Who is the moving party in my termination?

I recently put in a 2 week notice at my current employer, who then informed me that I was immediately terminated without pay for the 2 week period. While this is fine and understandable, I signed an agreement upon hire which states that,

Asked on June 5, 2017 under Employment Labor Law, Texas


SJZ, Member, New York Bar / FreeAdvice Contributing Attorney

Answered 3 years ago | Contributor

You clearly are not entitled to unemployment: you had already said you were leaving, so you made the decision to separate voluntarily from employment. Once you make that decision and notify your employer you are quitting/resigning/etc. you are ineligble for unemployment benefits.
As to the reimbursement: the language quoted says "specifically to work for a competitor": a strong argument can be made that you only have to reimburse, regardless of when or how you leave, if you do so to work for a competitor. If you are not doing so, they may not be entitled to the reimbursement. That is how the agreement, at least the part you quoted, is written.
If you are leaving to work for a competitor, then if you gave your notice within the first year, you most likely have to repay: the law generally holds that once you announce you are leaving, your separation is effective for purposes of reimbursement, qualifying for bonuses or other time-based benefits, etc. You cannot inform the employer you are not going to keep working for them while still taking advantage of a benefit (or a lack of penalty) meant to incentivize employees to continue their employment. Certainly, if even with the 2 weeks notice, you were within the first year, you'd absolutely have to repay if you went to work for a competitor; if the two weeks would have put you over the first year mark, you have an argument for not repaying, but it's a weak argument, since it flies against the plain purpose of the provision, which is to encourage longer-term retention.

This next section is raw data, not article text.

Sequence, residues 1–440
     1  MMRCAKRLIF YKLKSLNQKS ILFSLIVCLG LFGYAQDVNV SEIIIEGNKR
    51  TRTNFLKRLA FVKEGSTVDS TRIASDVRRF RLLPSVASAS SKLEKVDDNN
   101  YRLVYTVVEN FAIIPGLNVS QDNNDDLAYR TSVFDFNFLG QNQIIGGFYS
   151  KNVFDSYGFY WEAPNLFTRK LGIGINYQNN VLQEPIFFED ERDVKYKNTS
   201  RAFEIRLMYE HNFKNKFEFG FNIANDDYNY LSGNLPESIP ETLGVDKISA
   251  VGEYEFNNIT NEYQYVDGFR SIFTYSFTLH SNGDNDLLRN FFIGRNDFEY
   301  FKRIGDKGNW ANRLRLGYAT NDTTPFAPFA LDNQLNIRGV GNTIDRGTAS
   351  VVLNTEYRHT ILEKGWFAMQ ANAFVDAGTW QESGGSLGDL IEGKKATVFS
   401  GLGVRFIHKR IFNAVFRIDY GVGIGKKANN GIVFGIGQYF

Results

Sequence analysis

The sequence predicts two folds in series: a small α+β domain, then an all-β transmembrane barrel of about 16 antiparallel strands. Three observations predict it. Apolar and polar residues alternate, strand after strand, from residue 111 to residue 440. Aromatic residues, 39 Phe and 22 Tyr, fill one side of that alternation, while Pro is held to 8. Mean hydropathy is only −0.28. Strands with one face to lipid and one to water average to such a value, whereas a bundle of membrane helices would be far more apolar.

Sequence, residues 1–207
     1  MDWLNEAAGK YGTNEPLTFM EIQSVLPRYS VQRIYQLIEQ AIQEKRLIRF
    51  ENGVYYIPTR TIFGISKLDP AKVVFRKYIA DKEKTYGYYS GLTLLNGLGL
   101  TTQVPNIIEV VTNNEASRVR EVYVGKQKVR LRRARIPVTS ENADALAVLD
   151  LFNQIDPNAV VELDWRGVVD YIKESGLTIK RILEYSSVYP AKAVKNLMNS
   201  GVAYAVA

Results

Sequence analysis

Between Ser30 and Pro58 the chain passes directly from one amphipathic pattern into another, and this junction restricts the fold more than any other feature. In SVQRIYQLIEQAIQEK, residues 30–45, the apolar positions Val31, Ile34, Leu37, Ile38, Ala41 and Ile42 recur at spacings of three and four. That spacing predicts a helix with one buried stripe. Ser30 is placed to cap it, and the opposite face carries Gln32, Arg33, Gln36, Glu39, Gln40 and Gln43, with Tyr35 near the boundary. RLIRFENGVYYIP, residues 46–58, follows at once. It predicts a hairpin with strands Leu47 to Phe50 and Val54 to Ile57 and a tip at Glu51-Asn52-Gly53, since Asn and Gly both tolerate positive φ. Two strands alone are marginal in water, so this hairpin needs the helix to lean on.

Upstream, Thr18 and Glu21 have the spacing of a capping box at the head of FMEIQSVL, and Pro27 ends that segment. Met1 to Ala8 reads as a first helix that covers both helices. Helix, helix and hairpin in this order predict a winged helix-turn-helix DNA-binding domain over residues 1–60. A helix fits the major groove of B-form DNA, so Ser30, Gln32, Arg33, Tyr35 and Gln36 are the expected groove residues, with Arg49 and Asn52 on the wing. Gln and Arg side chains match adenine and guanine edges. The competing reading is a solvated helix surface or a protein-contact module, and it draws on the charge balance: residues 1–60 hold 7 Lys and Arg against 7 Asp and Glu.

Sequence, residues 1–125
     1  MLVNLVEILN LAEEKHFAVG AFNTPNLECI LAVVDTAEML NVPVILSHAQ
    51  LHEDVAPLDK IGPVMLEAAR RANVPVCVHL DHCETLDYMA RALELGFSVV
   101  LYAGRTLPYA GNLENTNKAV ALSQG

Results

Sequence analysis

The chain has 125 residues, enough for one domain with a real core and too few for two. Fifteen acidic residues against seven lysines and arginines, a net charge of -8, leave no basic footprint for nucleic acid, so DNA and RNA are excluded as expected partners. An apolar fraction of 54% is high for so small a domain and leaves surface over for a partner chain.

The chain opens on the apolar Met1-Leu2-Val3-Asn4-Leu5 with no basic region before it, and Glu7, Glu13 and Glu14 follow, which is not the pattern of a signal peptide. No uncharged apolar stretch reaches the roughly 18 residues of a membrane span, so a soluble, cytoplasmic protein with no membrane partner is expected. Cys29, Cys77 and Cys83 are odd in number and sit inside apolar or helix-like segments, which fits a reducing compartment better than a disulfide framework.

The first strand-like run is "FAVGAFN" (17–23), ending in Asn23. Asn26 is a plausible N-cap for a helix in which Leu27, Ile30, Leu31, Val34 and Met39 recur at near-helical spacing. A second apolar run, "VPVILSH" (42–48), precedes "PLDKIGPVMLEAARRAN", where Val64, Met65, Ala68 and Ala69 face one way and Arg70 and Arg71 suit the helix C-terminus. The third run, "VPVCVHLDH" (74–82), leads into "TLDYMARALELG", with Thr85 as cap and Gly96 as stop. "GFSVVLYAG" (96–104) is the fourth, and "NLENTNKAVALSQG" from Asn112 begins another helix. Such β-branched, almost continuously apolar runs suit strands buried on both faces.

In the future, do not provide notice of leaving until comfortably past any such contractual periods.

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